• Games, Playing Cards, Chess Pieces, Draughts Pieces
  • Cameras
  • Blank DVD/CD-RW’s
  • Popcorn maker
  • Getting stuff back onto the boat became quite the conversation. As one person on the dock handed an item over the rails, the other person took it and put it in its designated locker. Conversations, nay impassioned pleas sprang to life. Was this really necessary? As you’d expect, some things passed this final scrutiny, others did not.

    Exception to the rule

    It’s important to note there should be things on-board that serve no purpose but have personal value. This is your house after all. I carry a small porcelain koala bear that my grandmother gave me when I was just five years old. It is my most prized possession and I take him everywhere. He has his place when we are not passage making next to my bed. When underway, he lives in the grab bag.

    Locker plan of an Arends 33

    All essential safety gear had to be kept in a place that was readily accessible and ready for rapid, unhindered deployment. During this exercise, it’s a good time to check everything is working and in good order.

    Eternal Vigilance

    Now that you’ve create your ideal living space, free of clutter with everything in its place, eternal vigilance is the true price of freedom – freedom from “the clutter of stuff.”

    As our life aboard went on, we suddenly found “things” creeping on board that didn’t meet the “vital rule” test. Little bits and pieces accumulated on the nav-desk. Things put in lockers started to be crammed in with the door shut against them, rather than placed in an orderly fashion. We had to come up with a better idea. That idea was “one thing on, one thing off”.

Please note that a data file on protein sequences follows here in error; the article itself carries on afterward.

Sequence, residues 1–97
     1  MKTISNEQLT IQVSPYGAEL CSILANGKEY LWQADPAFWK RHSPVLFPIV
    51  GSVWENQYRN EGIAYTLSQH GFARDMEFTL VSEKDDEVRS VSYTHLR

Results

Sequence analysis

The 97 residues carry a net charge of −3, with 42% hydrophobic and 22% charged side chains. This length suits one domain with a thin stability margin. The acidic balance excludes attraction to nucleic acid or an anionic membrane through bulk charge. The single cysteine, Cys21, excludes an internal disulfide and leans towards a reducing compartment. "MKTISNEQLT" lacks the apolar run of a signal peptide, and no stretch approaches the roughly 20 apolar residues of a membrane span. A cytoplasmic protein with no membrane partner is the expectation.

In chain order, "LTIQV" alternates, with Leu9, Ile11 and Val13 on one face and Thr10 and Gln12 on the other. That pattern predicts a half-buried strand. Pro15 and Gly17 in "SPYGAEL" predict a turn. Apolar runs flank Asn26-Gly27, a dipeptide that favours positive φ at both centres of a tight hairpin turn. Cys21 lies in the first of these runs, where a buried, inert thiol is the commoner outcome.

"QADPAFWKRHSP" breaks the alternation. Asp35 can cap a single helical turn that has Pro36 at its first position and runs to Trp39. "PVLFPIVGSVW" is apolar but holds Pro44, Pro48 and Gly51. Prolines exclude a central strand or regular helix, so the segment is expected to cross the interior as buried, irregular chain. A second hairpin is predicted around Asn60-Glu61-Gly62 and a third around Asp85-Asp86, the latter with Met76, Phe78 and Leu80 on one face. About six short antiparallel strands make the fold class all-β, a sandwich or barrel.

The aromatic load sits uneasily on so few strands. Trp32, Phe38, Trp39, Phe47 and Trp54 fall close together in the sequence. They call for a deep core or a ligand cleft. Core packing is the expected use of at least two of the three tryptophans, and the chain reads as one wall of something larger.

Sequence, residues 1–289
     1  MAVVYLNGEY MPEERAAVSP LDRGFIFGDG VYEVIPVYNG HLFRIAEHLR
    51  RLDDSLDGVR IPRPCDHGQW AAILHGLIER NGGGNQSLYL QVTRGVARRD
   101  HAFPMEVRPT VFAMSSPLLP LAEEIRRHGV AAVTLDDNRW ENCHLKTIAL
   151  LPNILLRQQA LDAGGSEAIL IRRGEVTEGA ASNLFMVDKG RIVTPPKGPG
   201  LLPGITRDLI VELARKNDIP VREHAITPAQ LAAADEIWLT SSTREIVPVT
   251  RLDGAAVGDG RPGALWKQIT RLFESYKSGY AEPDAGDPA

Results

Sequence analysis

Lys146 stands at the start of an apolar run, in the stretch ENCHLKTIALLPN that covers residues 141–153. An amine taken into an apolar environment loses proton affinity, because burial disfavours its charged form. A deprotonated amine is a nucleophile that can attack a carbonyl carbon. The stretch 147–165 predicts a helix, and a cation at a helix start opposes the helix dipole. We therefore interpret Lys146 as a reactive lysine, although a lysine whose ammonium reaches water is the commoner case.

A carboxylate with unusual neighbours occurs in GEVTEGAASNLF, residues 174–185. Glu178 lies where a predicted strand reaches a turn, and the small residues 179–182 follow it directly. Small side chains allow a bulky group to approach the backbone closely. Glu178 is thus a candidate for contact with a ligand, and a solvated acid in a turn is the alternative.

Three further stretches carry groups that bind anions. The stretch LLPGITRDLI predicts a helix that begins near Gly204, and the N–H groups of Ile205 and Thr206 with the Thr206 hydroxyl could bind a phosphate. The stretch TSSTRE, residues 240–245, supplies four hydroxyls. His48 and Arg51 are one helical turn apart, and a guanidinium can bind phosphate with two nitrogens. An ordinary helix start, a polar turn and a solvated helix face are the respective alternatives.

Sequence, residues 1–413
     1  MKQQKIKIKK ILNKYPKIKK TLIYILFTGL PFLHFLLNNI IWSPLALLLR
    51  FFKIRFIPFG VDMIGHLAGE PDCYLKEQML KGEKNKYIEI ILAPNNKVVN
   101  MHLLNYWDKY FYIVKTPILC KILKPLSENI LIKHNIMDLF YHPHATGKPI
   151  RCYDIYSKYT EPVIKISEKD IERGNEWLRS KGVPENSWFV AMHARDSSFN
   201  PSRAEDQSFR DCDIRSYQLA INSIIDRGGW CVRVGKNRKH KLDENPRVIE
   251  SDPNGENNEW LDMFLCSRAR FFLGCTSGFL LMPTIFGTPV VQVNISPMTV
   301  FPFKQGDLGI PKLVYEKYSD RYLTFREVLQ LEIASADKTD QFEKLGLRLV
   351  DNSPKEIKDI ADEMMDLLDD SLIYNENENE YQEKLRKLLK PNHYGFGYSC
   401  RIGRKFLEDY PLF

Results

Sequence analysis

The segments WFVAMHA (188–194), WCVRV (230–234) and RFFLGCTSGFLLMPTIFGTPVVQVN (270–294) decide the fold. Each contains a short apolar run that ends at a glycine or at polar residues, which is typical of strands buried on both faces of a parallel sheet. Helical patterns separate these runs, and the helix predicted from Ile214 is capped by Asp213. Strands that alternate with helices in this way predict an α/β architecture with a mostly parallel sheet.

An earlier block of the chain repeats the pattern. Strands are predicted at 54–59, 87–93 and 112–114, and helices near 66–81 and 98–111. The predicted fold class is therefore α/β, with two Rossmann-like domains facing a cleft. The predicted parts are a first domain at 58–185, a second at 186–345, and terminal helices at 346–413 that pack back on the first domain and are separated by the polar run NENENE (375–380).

Here’s how it works. Once you have your ideal life at your fingertips if you bring on something new to the boat, something must go. No exceptions. An example of this is when we bought our new Surface tablet computers. Our old laptops had to go. We reformatted the hard drives and gave them to less-fortunate people we either knew were in need or donated it to a volunteer organisation to do with it as they saw fit. The most important thing is that it was not left on the boat to be endlessly shuffled from one part of the boat to the other.

    When we get a new phone, same deal. The old one goes off to a new home. A new book? The old one goes into the local public laundry to find a new reader. New coffee mugs – off go the old to find a new home. Many things that you no longer need can be re-purposed by donating it. It doesn’t need to be put into landfill.

    Boat fridges are like black holes

    My fridge, like on most boats, can quickly become a disaster if things don’t follow the principles or organization and the “one thing on, one thing off” rule. Planning your meals means you can bring some order to what you want to eat, what you need to buy and ultimately, how you are going to store it. Like our lockers on the boat, parts of the fridge have “zones” where you can put your hand down into the abyss and pull out the butter, because that’s where it always lives. As we buy a new block of butter, then new one goes under the currently open one, but it’s in the same zone so easy to find. Interestingly, we never seem to find it hard to find the chocolate.

    One thing on, one thing off as a companion to good organisation is a cruising live-aboard habit that will make your minimalist lifestyle feel full and free without the clutter of stuff. If you think you’ve missed anything, set sail for the afternoon and put your boat on a 30-degree heel to wind in a sloppy sea.

    They don’t call it a “shakedown” cruise for nothing!